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Cee money romania govt measures may complicate imf talks

* New government has already delayed privatisations* Delays to new IMF deal could hit currency, debt* Romania has substantial 2013 funding needsBy Luiza IlieBUCHAREST, Jan 10 Emboldened by a recent landslide election victory, Romania's leftist government has been taking steps that could complicate talks over a new aid deal with the International Monetary Fund. Romania needs a new deal with the IMF to shore up investor confidence in an economy undermined by rocky politics, even though it says it would only use the funds in an emergency. Its current programme expires in March, and any gap without a financial backstop arrangement could send its borrowing costs higher and the leu currency to a new record low. Given the European Union country's success in cutting its budget gap, there should in theory be no problem in replacing its current 5 billion euro ($6.5 billion) IMF deal. But disagreement over long-term measures - like health reform and privatisations - could cause delays. The new government has already passed a law postponing several privatisations by a year. It has also split the Finance Ministry into two entities without defining their responsibilities. These moves are likely to complicate talks when the IMF, which has grown increasingly impatient over structural reforms, begins a review of its Romanian programme next week."We believe negotiations will ultimately lead to a new deal as officials realise this is the best option," said Vlad Muscalu, senior economist at ING in Bucharest.

"But negotiations may run long, and there are risks that the series of aid deals will be temporarily interrupted. There is also a possibility the government will not go for a deal."Prime Minister Victor Ponta ran the government for most of 2012 before winning the December election and is well on target to bring the budget deficit down to under 3 percent of gross domestic product, the top condition of Romania's s current deal. A new IMF agreement was a central plank of Ponta's governing programme, although he has voiced concern before about the measures the fund wants to see implemented."Not everything the IMF and the European Commission ... suggest is perfect," he said in late December."We have a duty to negotiate. But it is extremely important to have a deal for now because Romania is in a storm with the rest of Europe."The government is keen to avoid the fate of the previous rightist cabinet, which cut wages and raised the sales tax to stay on track with the IMF, only to be hammered at the polls.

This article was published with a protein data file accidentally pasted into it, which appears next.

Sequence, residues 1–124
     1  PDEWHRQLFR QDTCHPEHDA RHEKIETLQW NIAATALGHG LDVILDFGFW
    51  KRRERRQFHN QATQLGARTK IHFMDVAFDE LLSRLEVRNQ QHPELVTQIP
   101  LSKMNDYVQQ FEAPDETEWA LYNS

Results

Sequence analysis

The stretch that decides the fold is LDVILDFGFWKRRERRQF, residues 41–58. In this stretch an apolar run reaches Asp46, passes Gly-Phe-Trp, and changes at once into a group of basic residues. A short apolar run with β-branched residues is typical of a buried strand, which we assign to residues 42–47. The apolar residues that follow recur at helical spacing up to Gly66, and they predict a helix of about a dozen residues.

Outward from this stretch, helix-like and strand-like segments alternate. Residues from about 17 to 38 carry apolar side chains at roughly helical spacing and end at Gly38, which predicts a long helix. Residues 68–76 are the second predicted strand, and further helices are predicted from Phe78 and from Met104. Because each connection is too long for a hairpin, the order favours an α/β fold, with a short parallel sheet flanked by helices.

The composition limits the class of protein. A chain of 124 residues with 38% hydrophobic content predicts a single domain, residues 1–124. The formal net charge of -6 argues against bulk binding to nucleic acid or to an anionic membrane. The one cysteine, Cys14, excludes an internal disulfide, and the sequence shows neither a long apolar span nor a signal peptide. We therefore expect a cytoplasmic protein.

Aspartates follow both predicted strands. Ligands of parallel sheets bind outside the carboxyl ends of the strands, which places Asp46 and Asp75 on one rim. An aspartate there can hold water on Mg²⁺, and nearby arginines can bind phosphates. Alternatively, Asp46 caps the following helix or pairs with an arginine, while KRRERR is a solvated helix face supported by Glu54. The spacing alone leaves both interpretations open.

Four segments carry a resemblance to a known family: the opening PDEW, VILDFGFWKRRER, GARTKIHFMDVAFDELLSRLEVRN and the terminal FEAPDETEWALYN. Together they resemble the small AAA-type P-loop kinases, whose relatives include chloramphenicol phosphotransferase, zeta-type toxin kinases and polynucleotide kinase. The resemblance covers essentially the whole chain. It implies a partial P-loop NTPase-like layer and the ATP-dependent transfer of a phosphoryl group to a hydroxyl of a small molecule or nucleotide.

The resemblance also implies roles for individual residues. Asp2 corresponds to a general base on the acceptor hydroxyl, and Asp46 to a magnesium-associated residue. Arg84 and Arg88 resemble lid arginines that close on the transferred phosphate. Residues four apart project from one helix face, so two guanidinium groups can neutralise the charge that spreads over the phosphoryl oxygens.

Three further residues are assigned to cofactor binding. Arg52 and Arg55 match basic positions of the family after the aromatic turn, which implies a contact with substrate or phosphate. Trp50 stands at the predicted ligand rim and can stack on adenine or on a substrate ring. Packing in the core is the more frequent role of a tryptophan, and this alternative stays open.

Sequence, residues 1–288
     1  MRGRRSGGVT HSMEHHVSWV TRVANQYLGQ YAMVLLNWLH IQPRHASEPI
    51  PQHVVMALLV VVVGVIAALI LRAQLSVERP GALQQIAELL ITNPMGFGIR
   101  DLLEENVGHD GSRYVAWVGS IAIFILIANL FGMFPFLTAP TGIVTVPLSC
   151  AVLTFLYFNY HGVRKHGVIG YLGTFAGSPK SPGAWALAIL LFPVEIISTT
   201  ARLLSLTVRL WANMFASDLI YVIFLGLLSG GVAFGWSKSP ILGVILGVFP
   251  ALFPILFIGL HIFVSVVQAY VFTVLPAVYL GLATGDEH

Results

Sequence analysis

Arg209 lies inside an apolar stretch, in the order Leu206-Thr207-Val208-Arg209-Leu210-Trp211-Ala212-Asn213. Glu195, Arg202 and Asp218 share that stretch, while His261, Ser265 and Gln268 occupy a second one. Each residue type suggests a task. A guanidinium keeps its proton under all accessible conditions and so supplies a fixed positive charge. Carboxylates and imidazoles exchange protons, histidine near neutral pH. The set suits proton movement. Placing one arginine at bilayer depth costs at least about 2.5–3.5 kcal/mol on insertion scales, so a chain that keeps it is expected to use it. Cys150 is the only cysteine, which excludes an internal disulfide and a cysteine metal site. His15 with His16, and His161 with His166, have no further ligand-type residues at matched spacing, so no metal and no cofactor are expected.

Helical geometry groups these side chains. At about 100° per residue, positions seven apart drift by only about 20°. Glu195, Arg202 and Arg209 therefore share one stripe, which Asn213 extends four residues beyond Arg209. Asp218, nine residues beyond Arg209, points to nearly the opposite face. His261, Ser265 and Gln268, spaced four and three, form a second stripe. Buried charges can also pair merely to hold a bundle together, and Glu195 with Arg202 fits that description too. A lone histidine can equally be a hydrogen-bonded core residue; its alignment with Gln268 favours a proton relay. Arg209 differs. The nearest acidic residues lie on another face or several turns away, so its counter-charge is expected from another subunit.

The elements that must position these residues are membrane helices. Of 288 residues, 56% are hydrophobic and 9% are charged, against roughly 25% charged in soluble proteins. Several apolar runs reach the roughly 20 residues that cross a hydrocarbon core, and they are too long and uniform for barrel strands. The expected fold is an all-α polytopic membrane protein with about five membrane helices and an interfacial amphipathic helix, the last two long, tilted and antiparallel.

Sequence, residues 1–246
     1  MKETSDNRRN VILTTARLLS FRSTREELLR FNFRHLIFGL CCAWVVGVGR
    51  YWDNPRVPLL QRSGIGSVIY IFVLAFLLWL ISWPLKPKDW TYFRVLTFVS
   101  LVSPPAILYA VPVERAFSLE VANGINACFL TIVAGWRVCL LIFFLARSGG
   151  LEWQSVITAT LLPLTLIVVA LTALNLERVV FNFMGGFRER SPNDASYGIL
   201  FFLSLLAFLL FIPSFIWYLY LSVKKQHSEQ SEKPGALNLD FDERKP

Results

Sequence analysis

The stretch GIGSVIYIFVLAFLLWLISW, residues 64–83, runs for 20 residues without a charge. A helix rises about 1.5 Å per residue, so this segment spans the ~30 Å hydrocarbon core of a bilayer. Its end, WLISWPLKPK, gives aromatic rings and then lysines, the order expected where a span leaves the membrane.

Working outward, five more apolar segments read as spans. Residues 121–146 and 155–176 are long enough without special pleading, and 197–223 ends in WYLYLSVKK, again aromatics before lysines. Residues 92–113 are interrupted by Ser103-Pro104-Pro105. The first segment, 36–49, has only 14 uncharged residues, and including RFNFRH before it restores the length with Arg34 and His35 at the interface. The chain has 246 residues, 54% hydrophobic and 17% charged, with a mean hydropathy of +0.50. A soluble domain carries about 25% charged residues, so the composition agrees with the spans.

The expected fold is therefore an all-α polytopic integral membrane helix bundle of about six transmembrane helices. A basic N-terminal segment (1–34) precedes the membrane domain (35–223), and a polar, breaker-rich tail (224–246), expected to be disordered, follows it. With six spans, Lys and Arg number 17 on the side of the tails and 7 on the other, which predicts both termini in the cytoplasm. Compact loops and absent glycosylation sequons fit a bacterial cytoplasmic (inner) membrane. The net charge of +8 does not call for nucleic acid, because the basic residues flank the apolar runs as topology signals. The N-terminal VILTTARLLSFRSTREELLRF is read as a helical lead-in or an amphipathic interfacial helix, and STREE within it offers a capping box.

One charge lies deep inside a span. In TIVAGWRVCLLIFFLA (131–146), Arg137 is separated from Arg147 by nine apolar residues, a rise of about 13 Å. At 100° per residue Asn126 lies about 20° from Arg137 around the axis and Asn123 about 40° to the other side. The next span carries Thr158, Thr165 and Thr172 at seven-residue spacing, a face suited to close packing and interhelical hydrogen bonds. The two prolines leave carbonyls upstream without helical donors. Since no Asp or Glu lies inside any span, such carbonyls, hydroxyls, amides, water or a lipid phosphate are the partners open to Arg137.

Measures like selling state assets and introducing higher payments for healthcare would erode support for Ponta's government."I don't think much will happen in terms of reforms, so the question is, can the IMF swallow that?" said Daniel Hewitt, emerging Europe economist at Barclays Capital. NEW DEAL PRICED IN Markets have priced in a new deal after Ponta's election win, which would bring more political stability to the EU's second-poorest member. The country had four governments in 2012 and saw a failed attempt to impeach the president.

Yields on three-year paper have fallen nearly 50 basis points to 6.14 percent since the Dec. 9 ballot, and demand has risen along the curve, while the leu currency has firmed up to an eight-month high of 4.399 per euro. But delays or failure to win IMF support could send the leu to new record lows, hurting the two-thirds of borrowers with loans in foreign currencies such as euros, as it would drive up monthly payments. It would also send government borrowing costs back to their pre-December levels."If the third deal requires structural reforms and transparency, it might be hard to reach an agreement, and without it the leu could go to 4.7-4.8 over a few months," said one trader in Bucharest. Romania also has large 2013 borrowing needs, and no IMF deal would mean it has a harder time raising money. It has to pay back 5 billion euros from a previous IMF bailout, and the Finance Ministry needs roughly $19 billion to cover both maturing debt and its budget deficit, according to bank ING. REGIONAL LAGGARD Romania does not have the same level of investor trust as its emerging EU peers Poland and the Czech Republic, and it needs the backing of the IMF and Brussels to convince more people that it is a reliable place to do business. Foreign investment was only 1.3 billion euros in the first 10 months of 2012 and the economy, still recovering after a credit bubble burst in 2009, is inefficient and bureaucratic, mainly in state hands and on the brink of another recession. Romania has more than 600 state-owned firms, which account for only 6 percent of the economy but a third of all unpaid debts. Data from independent watchdog Fiscal Council showed in 2011 that they employed close to 10 percent of workers, but owed unpaid taxes to the state worth 2.4 percent of GDP. Analysts say the IMF will also likely want to see real action in reforming these state firms. ($1 = 0.7654 euros)